Around 57% were diagnosed in people aged 20-29, and the second most impacted age group was 15-19, accounting for 31% of all gonorrhea infections in VI. It is worth noting that gonorrhea cases were higher among African-Americans. They accounted for 110 cases in 2010 compared to Hispanics who reported 23 cases, and Whites were the least impacted race with 2 cases in 2010.
According to the same report, between 2005 and 2010, around 78% of all chlamydia cases were diagnosed in females, and the 20-29 age group reported 55% of all chlamydia diagnoses in VI. The second most impacts group was 15-19, which accounted for 33% of all chlamydia cases. African-Americans accounted for the highest number of chlamydia cases in VI, followed by Hispanics and Whites. Around 179 males reported chlamydia cases in VI in 2010, and 436 females were diagnosed with the infection the same year. The black population accounted for 460 cases in 2010, followed by Hispanics with 115 cases, and the third-highest rate of cases was reported in whites with 10 cases.
The Virgin Islands Department of Health (VIDOH) Communicable Disease STD/HIV/TB Program works to prevent and contain STDs, including HIV/AIDS via disease intervention, screening, education, treatment, and diagnostic activities. It coordinates with the HIV and TB prevention programs to increase access to STD testing and treatment across VI. Cost-effective screening facilities and risk education methods are offered throughout the territory. Moreover, the program monitors disease trends and works with other health agencies to control the spread of STDs.
The program’s core objective is to reduce the incidence of HIV, STD, and TB by offering quality sex education, counseling, screening and treatment opportunities to VI residents. The Communicable Disease STD/HIV/TB Program receives 95% funding from the federal government, and grantors include the CDC’s Department of Health and Human Services and Health Resources Services Administration (HRSA).
Besides offering health education, several other initiatives are implemented to prevent STD infections in the territory. For instance, all pregnant females are screened for STDs during the first trimester, second trimester, and third trimester.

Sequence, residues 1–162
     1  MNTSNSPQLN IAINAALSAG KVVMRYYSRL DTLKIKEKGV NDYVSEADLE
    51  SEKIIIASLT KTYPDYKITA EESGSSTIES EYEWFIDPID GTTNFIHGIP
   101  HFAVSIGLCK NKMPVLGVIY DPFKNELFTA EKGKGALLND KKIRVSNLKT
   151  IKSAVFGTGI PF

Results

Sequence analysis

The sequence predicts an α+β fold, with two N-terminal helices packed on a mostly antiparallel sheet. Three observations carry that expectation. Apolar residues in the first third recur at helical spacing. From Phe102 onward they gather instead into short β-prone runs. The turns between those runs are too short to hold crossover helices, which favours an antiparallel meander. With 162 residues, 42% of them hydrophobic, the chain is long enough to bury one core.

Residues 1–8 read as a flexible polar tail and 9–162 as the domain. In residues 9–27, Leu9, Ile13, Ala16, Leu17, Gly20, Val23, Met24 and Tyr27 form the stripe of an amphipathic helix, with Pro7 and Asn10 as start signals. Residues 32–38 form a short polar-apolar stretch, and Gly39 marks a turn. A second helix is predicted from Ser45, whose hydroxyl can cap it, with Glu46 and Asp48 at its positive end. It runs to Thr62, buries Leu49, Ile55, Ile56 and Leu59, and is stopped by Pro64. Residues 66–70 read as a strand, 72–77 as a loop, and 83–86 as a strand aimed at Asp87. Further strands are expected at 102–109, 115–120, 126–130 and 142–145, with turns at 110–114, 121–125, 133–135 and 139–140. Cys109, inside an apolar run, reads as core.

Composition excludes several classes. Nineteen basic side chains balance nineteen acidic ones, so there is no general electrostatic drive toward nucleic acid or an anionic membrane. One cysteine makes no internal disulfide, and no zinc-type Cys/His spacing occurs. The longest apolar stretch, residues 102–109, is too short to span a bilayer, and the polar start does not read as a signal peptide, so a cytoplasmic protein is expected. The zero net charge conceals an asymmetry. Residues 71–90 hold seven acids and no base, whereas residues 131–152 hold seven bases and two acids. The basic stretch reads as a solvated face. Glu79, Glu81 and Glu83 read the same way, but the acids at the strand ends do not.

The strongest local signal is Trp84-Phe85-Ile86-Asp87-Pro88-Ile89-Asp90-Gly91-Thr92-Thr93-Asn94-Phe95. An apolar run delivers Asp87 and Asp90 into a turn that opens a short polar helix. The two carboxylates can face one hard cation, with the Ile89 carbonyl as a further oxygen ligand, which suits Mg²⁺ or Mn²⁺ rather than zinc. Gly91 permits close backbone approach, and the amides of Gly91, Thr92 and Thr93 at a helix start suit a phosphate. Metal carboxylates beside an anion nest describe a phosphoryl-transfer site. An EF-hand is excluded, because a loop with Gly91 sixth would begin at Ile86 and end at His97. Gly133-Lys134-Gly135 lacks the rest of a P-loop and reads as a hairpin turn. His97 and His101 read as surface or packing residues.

The Virgin Islands Department of Health Communicable Diseases Division (STD/HIV/TB Services) is responsible for offering extensive STD testing services for gonorrhea, syphilis, and chlamydia, along with UTIs and other types of vaginal infections. Testing is offered at designated sites on a walk-in basis, and dermatology treatment is offered to people diagnosed with molluscum or genital warts.
STD clinics play a crucial role in STD and HIV diagnosis, prevention, treatment, and care in VI. STD clinics operate all across VI and are essential healthcare settings for people who cannot otherwise access necessary treatment options. STD clinics serve individuals who aren’t already engaged in HIV prevention programs or the territory’s primary healthcare system for STD prevention. This includes uninsured individuals and people looking for confidential services.
Most people experience feelings of hesitation when going to get tested for STD, despite knowing they might have contracted one. EasySTD was created to change that.
Visit your nearest lab or clinic, order your home testing kit online, and follow the given instructions from an STD testing provider.
After ordering your STD test, visit the testing center to get tested or take a self sample including urine, cotton swab, or finger prick with the home testing kit and mail it back.
Receive the lab-certified results of your STD test from your test provider via mail or phone within 2 to 3 days. If the test comes positive, consult your doctor immediately.